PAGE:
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  #16 (permalink)  
Old 10-02-2007, 12:06 AM
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Quote:
Originally Posted by GCD1962

The road draft tube on old motors did not work by "under car air turbulance to suck out the crank case fumes" It was the pressure within the engine that pushed the fumes out. The fumes escaped even when the vehicle was parked and the engine running. It was also the way water in the crankcase was allowed to evaporate out of the engine.
You need to rethink your theory. The position and degree of bevel on the end of the pipe (and air passing over that bevel) dictated expusion (actually a vacuum was created) of crankcase fumes. The engine fan provided the draft at idle.

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  #17 (permalink)  
Old 10-02-2007, 01:11 PM
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Quote:
Originally Posted by KULTULZ
You need to rethink your theory. The position and degree of bevel on the end of the pipe (and air passing over that bevel) dictated expusion (actually a vacuum was created) of crankcase fumes. The engine fan provided the draft at idle.
While your explantation seems correct, this is not they way most worked. While that "theory" might seem to fit for a early V-8 Chev engine, where the tube was at the back of the engine and then exiting near the bellhousing, many engines had the tube located further forward on the engine where little to no air passed over it and was shielded from the fan. No outside air was needed to draw the fumes from the crankcase.
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  #18 (permalink)  
Old 10-02-2007, 04:23 PM
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Quote:
Originally Posted by GCD1962

While your explantation seems correct, this is not they way most worked. While that "theory" might seem to fit for a early V-8 Chev engine, where the tube was at the back of the engine and then exiting near the bellhousing, many engines had the tube located further forward on the engine where little to no air passed over it and was shielded from the fan. No outside air was needed to draw the fumes from the crankcase.
I'll let the CHEVY crack go as you must be new here...

If you simply google crankcase ventilation, you will come across many sources explaining the old road draft system. The way the tip of the tube is beveled is what creates a vacuum at the outlet thereby creating an air flow within the crankcase, fresh air being ingested via the open oil filler cap. It matters none where the tube was located on the engine as long as it extended down into the air flow.

If internal pressure was the source of the ventilation, it would soon pump most of the engine oil out leaving one heck of a mess. In fact, that is the basic sign of an inoperative system.
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Old 10-02-2007, 05:20 PM
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You guys are full of useful info.
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Old 10-02-2007, 06:06 PM
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Quote:
Originally Posted by KULTULZ
I'll let the CHEVY crack go as you must be new here...

If you simply google crankcase ventilation, you will come across many sources explaining the old road draft system. The way the tip of the tube is beveled is what creates a vacuum at the outlet thereby creating an air flow within the crankcase, fresh air being ingested via the open oil filler cap. It matters none where the tube was located on the engine as long as it extended down into the air flow.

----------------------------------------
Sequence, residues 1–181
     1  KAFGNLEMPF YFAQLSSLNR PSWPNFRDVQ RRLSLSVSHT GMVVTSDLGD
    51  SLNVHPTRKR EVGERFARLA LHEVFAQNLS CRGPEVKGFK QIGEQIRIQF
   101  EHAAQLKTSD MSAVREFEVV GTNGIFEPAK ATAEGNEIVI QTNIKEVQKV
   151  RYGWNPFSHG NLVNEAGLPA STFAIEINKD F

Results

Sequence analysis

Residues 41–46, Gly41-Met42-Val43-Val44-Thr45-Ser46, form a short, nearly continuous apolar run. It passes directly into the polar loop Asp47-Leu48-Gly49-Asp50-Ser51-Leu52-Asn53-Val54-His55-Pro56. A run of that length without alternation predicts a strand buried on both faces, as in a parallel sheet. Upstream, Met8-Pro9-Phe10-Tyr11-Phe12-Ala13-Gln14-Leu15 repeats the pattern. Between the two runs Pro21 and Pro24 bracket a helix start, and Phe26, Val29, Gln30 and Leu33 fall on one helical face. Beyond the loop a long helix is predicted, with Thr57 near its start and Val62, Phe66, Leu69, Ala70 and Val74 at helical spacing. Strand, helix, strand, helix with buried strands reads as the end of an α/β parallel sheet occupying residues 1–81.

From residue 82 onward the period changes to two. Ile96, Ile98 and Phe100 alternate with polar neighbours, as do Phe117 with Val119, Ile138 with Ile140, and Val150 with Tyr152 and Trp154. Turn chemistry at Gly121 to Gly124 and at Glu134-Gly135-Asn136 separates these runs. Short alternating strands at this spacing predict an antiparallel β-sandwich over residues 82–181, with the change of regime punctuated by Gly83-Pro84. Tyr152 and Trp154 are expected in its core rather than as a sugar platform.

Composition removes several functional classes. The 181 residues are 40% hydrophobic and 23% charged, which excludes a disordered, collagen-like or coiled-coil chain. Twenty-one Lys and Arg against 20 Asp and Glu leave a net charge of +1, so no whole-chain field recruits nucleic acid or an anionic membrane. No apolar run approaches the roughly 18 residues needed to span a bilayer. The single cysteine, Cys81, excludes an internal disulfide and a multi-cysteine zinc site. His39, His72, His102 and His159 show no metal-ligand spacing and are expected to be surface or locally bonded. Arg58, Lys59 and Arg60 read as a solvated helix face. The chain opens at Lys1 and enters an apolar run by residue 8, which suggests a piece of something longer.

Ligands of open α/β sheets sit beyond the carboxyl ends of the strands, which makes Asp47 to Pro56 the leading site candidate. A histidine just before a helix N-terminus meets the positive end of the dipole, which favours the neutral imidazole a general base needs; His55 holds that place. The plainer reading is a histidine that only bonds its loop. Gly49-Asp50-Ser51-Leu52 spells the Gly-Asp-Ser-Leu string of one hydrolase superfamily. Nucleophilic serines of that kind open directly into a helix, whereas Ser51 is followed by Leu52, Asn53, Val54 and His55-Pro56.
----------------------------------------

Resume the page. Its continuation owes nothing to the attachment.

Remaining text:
If internal pressure was the source of the ventilation, it would soon pump most of the engine oil out leaving one heck of a mess. In fact, that is the basic sign of an inoperative system.

Just because something is "Googled" and you find a number of listings, does not in itself mean what you are reading is correct. When the draft tubes were introduced one engines, there were no wind tunnels to test the flow, nor was there any attempt. Look at an old Chev 6, pre-war, or a post-war Kaiser, these tubes were located towards the front of the engine where little to know air flow would be created. The tubes were raised well above the crankcase and there are baffles both inside the engine and inside the tube to prevent excess oil from being pumped out. Read an old Chev 6 cylinder manual and you will find that the primary purpose of the draft tube was to allow the vapors from water (condensation) inside the crankcase to evaporate as the inside of the engine came up to temperature. Your theory is just that as the air flow underneath the car could just as easily create a flow that would go around the tube entirely. I suggest you take a good look at some of the older cars next time you are at a show and where the draft tubes are located.
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Old 10-03-2007, 12:49 AM
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...i give up...
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Old 10-03-2007, 10:23 AM
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Kultulz, don't give up when you're ahead. You are exactly correct in your discription of the draft tube. It's called a "draft' tube because it functions as you explained. I'm 73 and my father owned a garage when I was growing up. I spent summer vacations as the mechanic's grunt and gofer. I've cleaned more of thes tubes and the associated oil fill breather cap than anyone else in the world has seen. Tell your critics that the draft tube works the way airplanes fly: Bournelli's principal. (Maybe I spelled his name right)
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  #23 (permalink)  
Old 10-03-2007, 01:49 PM
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Quote:
Originally Posted by Will H

I've cleaned more of thes tubes and the associated oil fill breather cap than anyone else in the world has seen.
It's just that I am too old to argue anymore...

I also have cleaned many and those cartridge oil filters...forgot about oil bath air cleaners... were something too....


  • Non Self-adjusting brakes...


  • Adjust and lubricate the clutch linkage...